Malek Taus has in the past been associated, by Muslims and Christians, with Iblis, Satan, and the fall of proud Lucifer. This misinterpretation has led, historically, to Yazidis being perceived as devil worshipers, and thus being subject to persecution and pogrom. The atrocities of Da’ish were only different from past assaults and massacres in their scale and longevity.

 Volunteering

Whilst case managers specifically look after the new arrivals, they depend upon a team of volunteers to assist them in a wide variety of tasks that we locals take for granted. for example: taking new arrivals them to medical or bank appointments, showing them how to use the bus network, setting up accommodation prior to arrival, minding children whilst parents attend appointments, and even helping folk to purchase use lawn mowers – there are few lawns in Iraq and Afghanistan.

As a volunteer, past and present tasks have included walkabouts to familiarize new arrivals with Coffs Harbour, accompanying clients to house inspections when seeking new rental accommodation, and assisting with rental application forms; sending important documents like birth, marriage and education certificates to Social Services’ translation service for official translations; helping clients to apply for bus concession cards, school bus cards, and children’s sport vouchers; and assisting with NBN plans and connections. I have fixed broken cupboards, replaced light bulbs, checked out washing machines and kitchen stoves. and taking families to school interviews.

As I can get by with spoken Arabic and can read and write the language, and as i am reasonably proficient with computers, I have helped with online applications and prepared resumes. I have shown clients how to budget their money, and have run a class on how to set up and use smart phone calendars to help them make and keep appointments. On occasions, I am asked to just drop in on clients to see how they are getting on, and sort any basic house problems.

My most rewarding experiences have been: assisting case managers at the airport when the clients first arrive. It’s a very emotional moment for all involved; Taking families who have never seen the sea before to the seaside; helping a clients get a job; and helping STARTTS run a youth group for children and young people by registering the young attendees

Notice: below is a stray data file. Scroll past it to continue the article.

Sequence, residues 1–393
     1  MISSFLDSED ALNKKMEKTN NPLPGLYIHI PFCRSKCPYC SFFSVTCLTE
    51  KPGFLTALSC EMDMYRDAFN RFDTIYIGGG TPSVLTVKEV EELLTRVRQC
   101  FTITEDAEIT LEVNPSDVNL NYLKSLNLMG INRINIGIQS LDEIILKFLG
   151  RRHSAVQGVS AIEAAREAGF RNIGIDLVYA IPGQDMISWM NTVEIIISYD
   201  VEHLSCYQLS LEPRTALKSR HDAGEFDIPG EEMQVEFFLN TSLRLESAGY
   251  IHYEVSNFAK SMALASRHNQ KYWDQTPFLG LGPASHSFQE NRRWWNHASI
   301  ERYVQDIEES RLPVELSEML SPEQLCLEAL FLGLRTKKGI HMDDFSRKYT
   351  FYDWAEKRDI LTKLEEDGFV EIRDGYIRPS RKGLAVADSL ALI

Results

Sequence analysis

How I got into this

Since my twenties, I’ve had an interest and, indeed, a passion for the Middle East, its history and politics, its people and culture, its languages and religions. I’ve travelled often to the region, and have studied it formally and as a hobby. I learned standard Arabic in the seventies and worked in academic and government research. Though I took a very different road for two decades, I returned to Syria in the noughties and got back into Arabic  both standard and colloquial (two relatively distinct languages).

On retirement, I wanted to do volunteer work, and by happenstance, Coffs Harbour was a refugees intake town with several organizations dedicated to assisting new arrivals. At first, I used my knowledge of Arabic script to assist Farsi-speaking Afghans, and then the Iraqi and Syrian Yazidis arrived. Though their native tongue is Kurdish Kurmanji, and few could speak English, many spoke Arabic. SSI had several Arabic speaking support-workers, and some new arrivals had good English and now work as Arabic and Kurmanji speaking support staff, I am able to step in when they are already booked. Who’d ever have thought I’d be able to use and grow my Arabic in Coffs Harbour.


 The Refugees’ Journey

Who is a migrant?  Who is a refugee? Who is an asylum seeker?

Migrants

A migrant is a person who makes a conscious choice to leave their country to seek a better life elsewhere. Before they decide to leave their country, migrants can seek information about their new home, study the language and explore employment opportunities. They can plan their travel, take their belongings with them, and say goodbye to the important people in their lives. They can continue to phone friends and family, or write, email or Skype them without fear of adverse consequences. They are free to return home at any time if things don’t work out as they had hoped, if they get homesick or if they wish to visit family members and friends left behind.